Much to celebrate this Labor Day, but more work to do

Chris Schwartz is state director for Americans for Democratic Action and a Black Hawk County supervisor.

As we celebrate workers this Labor Day, it’s important to acknowledge it’s been a rough couple of years for American workers. Working families were battered by a pandemic that caused massive unemployment, loss of health coverage and financial hardship for tens of millions of working people.

But thanks to swift bipartisan action in 2020, Congress passed historic relief packages that helped workers, extended health coverage and protected the majority of Americans from COVID-19’s worst harms.

 The national unemployment rate fell from 14.7 percent in April 2020 to 3.5 percent this summer with Iowa’s rate reaching 2.5 percent

  • Millions of people got affordable healthcare coverage that brought the number of uninsured people to an all-time low.
  • In Iowa Medicaid and CHIP enrollment increased by 20.5 percent from February 2020 To April 2022.  And from 2019 until 2022 ACA numbers have climbed 47% from 49,210 to 72,240.
  • While poverty actually declined as the pandemic raged on, policy advances are still needed to reduce hardship.

As infection rates declined, the pandemic’s impact lingered. Rising inflation over the past year threatened recovery as people found themselves paying record amounts for fuel, goods and services.

Large corporations, seeing an opportunity to fatten profits, used pandemic conditions as a pretext for price-gouging consumers. Since the spring of 2020, corporations in the non-financial sector have raised prices by an annualized rate of 6.1 percent—a huge increase over the 1.8 percent annual price growth between 2007–2019. Over half of this increase (53.9 percent) contributed to bigger profit margins, while labor costs accounted for less than 8 percent of the increase.

In 2021, corporate profits surged by 35 percent, giving American corporations their most profitable year since 1950. But even as CEO pay and shareholder earnings soar, workers’ real wages–despite some increases– failed to keep up with the higher cost of living. 

In Iowa, one of the most egregious stories comes from Tyson Food’s Waterloo plant where corporate gains were made on the backs of workers prompting a COVID-19 surge in Black Hawk County. Prioritizing profit instead of keeping workers safe adversely affected families, the community, and the health system. And of course there was the plant manager’s “morale boosting betting pool” around how many workers would get sick.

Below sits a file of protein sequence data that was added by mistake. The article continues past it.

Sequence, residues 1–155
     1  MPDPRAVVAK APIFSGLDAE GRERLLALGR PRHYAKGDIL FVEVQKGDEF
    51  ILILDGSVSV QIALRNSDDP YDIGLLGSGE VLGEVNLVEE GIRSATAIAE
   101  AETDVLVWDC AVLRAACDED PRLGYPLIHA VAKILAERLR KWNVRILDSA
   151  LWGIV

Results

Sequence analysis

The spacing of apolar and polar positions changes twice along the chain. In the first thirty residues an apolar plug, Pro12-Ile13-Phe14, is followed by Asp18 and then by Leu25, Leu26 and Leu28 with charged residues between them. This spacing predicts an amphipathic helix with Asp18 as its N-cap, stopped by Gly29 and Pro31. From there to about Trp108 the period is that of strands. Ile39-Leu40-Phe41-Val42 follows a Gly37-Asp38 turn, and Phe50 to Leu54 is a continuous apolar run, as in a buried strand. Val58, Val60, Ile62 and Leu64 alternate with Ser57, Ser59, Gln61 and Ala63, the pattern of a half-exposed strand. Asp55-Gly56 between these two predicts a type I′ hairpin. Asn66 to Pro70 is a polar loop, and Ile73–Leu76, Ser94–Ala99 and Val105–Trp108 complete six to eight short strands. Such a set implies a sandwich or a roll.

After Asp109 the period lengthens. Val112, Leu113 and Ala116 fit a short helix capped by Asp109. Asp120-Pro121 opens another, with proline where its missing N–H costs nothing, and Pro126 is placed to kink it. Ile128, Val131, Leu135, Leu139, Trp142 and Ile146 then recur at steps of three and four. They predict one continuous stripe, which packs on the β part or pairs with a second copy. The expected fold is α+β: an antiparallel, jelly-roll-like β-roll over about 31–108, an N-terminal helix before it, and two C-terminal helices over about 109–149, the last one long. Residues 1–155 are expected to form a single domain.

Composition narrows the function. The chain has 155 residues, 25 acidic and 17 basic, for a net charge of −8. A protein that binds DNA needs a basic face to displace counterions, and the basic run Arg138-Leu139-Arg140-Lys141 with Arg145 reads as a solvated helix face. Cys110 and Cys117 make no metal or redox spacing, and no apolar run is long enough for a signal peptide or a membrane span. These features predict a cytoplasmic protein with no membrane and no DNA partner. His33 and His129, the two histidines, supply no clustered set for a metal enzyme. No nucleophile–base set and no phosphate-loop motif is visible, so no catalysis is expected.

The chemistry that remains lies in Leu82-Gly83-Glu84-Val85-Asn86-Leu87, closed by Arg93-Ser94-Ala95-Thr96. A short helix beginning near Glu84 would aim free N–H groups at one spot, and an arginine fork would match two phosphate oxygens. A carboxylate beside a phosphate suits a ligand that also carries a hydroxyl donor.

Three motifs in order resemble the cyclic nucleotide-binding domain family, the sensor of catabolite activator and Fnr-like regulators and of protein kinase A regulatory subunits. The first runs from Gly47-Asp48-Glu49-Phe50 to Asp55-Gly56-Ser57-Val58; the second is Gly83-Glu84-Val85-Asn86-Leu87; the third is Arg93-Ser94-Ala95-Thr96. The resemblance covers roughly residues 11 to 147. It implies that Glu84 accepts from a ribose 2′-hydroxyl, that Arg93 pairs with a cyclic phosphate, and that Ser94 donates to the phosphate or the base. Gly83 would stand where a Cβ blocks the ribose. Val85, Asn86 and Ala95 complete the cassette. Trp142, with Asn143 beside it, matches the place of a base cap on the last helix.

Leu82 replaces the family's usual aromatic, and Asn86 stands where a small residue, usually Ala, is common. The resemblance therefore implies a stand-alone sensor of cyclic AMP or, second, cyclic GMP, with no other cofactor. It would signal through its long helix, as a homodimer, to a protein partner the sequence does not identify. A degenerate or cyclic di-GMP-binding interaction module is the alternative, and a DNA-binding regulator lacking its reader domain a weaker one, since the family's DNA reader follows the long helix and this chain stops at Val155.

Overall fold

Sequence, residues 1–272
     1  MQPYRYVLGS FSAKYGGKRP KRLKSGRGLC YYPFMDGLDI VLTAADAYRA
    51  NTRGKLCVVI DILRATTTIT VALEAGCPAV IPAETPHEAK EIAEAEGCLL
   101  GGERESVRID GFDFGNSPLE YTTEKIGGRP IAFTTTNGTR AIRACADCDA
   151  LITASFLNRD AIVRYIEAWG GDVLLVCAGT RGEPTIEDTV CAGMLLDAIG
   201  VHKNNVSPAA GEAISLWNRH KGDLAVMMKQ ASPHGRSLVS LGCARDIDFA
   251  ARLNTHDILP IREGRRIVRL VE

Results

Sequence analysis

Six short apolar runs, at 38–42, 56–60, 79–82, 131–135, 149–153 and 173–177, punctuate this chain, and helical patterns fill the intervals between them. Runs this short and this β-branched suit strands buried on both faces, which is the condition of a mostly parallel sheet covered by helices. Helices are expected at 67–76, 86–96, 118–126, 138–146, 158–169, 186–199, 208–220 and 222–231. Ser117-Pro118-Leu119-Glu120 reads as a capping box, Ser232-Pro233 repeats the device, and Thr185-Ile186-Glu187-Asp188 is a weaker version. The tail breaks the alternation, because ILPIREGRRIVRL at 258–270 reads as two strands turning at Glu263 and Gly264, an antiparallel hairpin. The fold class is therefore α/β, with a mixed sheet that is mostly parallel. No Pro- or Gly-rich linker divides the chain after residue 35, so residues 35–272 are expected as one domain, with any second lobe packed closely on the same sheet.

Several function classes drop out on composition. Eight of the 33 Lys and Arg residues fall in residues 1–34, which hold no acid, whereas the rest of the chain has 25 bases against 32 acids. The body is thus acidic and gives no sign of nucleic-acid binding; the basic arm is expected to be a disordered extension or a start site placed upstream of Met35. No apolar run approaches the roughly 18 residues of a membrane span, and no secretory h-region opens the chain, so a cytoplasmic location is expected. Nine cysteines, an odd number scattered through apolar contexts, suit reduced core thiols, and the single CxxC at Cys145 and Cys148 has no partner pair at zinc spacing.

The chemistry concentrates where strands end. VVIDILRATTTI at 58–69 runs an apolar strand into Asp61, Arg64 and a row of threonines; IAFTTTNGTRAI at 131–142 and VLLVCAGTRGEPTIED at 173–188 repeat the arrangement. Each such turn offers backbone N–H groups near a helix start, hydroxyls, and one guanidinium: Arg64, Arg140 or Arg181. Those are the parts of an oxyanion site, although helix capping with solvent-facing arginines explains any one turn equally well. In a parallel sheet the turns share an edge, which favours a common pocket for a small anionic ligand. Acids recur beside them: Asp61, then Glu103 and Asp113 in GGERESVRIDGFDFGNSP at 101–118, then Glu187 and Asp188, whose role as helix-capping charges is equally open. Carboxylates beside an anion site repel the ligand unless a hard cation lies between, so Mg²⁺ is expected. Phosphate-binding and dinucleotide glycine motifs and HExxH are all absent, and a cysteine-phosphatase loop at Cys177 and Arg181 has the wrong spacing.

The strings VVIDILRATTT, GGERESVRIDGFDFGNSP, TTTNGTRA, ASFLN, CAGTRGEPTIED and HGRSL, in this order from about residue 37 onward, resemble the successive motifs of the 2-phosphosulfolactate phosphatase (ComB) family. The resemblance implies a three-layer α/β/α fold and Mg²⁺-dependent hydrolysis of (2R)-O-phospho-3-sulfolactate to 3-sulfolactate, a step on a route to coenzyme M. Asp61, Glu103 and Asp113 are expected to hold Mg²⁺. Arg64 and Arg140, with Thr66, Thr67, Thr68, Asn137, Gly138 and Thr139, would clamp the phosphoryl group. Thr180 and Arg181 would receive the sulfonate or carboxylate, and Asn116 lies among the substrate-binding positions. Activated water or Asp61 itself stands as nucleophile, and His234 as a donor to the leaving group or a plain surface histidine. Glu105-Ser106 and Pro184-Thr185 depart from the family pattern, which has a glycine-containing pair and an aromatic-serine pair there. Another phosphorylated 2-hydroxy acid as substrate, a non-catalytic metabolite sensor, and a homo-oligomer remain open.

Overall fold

None of that has stopped Tyson from responding to a $1.5 billion operating cost increase by raising prices roughly $2 billion. Tyson’s 12-month gross profit margin is estimated to be 15.6 percent. 

Though corporations made more profits, they mostly didn’t pay more taxes. In 2020, for instance, 55 of the nation’s largest profitable firms paid zero in federal taxes thanks to loopholes and breaks in the tax code. That benefited their shareholders and billionaire CEOs.

Meanwhile, billionaires increased their wealth by an astonishing $1.7 trillion, or 57 percent, between March 2020 and March 2022. According to Americans for Tax Fairness, our lone Iowa billionaire, Harry Stine, increased his wealth by 94 percent over this two-year period. 

Like their corporations, the ultra rich have either avoided taxes or paid a much lower rate than middle class workers thanks to special tax breaks that help them hoard their wealth. Research shows that the nation’s 400 richest billionaire families paid an average tax rate of just 8.2 percent between 2010 and 2018. Middle class people paid an average tax rate of 13.3 percent in 2019. 

A rigged tax system is something we can fix. Thankfully, Congress has already started thanks to support from U.S. Representative Cindy Axne, the lone Iowa Member of Congress who voted for the recently passed Inflation Reduction Act. The law lowers the price of prescriptions, makes health insurance premiums for Affordable Care Act coverage more affordable, and cuts energy costs through its climate provisions which also reduce pollution and harmful carbon emissions.

It also makes the tax code more fair by requiring the nation’s richest corporations–those making over $1 billion in profits annually– pay a 15 percent minimum corporate tax. It provides the Internal Revenue Service with resources to track down the nation’s richest tax cheats so they will finally have to pay what they owe like the rest of us. No one making less than $400,000 a year will see higher taxes. 

These improvements give us a lot to celebrate this Labor Day. There’s a lot more to do to make our system more fair and equitable but at least we’re headed in the right direction. We need a tax system with fair and consistent rules that apply to everyone, including the rich and corporations. Under that kind of system, billionaires would still be billionaires and corporations would still make a lot of profit. But both would pay more of what they owe and contribute back to the communities that make them rich, just like American workers do every day.  

Top photo of Chris Schwartz published with permission.

About the Author(s)

Chris Schwartz